Possibly the Droids– Er the Post You Have Been Looking For

I had planned to include a disclaimer here, that this is going to be a long post and to be prepared…  But when aren’t they long?  So–  Yeah.

I’ve written here, a lot, I think, about my family dynamic and how much I feared coming out to my mother and sister particularly.  Lots of people have expressed, rightly so, that coming out to my family would be a big relief.  A number of you have also expressed that you can’t imagine a mother not loving her son no matter what.  While I wanted to believe that, I have had multiple opportunities over my lifetime to be clearly informed that “unconditional love and acceptance is too much to ask for.”  I’ve lived a lifetime of being afraid to tell my mother I was gay, because I knew she would not be OK with it, and the possibility that she might turn her back on me was, at least in my estimation, very real.

It wasn’t until very recently that I was able to come to grips with the idea that I could live without my family if I had to, but I couldn’t continue to live with the burden of having to keep a significant fact of my life a secret.  I could not continue to censor myself and actively work to prevent certain things from being revealed to members of my family.  It was only after coming to this realization that I was able to write and send the e-mail I spoke of here.

My sister’s response was about what I expected:

Ok, I wish I could say I am shocked, but I can’t. I have suspected as much for some time now. I just haven’t wanted to ask.

You already how I feel about the subject, so I don’t need to tell you. My attitude is one of hate the sin, love the sinner. So while I see your choice (and yes I do see it as a choice) as a sin, I still love you. I will continue to do so regardless. I will still talk to you, harass you, pray for you, and love you. I wish I thought you would get as much from mom, but it will surprise me if you do. At best I think you will get a big lecture.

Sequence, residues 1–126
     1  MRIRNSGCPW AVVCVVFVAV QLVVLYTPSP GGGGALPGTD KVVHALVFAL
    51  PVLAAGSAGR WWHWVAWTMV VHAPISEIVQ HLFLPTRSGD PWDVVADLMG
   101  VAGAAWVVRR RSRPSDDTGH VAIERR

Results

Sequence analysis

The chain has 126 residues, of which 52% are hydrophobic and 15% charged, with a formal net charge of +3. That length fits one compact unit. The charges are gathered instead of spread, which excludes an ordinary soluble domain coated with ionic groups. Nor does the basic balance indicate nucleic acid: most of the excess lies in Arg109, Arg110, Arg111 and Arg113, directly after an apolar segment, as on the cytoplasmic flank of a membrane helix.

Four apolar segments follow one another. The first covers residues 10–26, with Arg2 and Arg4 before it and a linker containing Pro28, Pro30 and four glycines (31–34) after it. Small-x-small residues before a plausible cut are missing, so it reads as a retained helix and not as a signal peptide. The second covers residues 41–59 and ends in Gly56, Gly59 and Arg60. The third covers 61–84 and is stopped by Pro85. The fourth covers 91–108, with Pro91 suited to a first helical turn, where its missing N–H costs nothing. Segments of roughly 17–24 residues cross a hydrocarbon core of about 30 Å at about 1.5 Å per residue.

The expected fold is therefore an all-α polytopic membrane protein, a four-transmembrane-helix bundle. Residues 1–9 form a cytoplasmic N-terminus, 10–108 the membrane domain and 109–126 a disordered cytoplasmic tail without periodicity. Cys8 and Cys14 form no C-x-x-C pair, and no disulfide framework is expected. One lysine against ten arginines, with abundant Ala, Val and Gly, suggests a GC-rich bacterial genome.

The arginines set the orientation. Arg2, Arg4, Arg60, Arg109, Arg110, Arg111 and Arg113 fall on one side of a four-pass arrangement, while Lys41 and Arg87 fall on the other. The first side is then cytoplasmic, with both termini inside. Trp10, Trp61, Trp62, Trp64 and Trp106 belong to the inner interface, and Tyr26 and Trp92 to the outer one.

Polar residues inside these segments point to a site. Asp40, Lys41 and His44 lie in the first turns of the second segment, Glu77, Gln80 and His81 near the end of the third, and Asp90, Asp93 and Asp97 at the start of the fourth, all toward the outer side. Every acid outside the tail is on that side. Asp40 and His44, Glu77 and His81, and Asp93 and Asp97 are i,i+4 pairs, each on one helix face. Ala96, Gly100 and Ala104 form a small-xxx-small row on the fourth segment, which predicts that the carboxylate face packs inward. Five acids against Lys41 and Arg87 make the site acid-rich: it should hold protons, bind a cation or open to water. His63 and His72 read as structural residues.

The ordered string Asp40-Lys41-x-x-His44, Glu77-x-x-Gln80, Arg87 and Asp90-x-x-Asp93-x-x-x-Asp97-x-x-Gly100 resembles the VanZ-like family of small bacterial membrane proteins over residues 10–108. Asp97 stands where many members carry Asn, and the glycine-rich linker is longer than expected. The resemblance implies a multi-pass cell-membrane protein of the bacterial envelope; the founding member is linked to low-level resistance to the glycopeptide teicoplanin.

As far as guardianship is concerned, we are still undecided. Since we don’t currently have much to send with them, there is temptation to choose someone who we know would have the means to take care of them. But there is also something to be said for the love of family. At any rate, this revelation is merely confirmation of my suspicions, so I will add it to the pile of considerations.

So, I don’t know what you were expecting my reaction to be, but there you have it. No I don’t approve, no I don’t agree, but no I don’t hate you. We can agree to disagree and I will just pray that if I am not wrong God will convince you that I am right so that we see each other in heaven.

Not an ideal response, but about what I would have expected from her.  My mother took longer.  When I first sent the e-mail I dreaded her reaction, or rather how she’d convey it.  I didn’t want her to call me, or try to initiate an instant message conversation with me, just to start preaching at me.  But then there was no acknowledgement whatsoever for seven whole days.  I went from dreading any direct interaction with her to being somewhat angry that she hadn’t acknowledged me at all.  Would it have been so hard to send a simple e-mail that says, “I’ve received your e-mail.  I’m not ready to talk about it, but yes I still love you.” or “I don’t love you anymore.” whichever.

Finally seven days after she received my coming out letter, she sent me this reply:

Dear Kevin –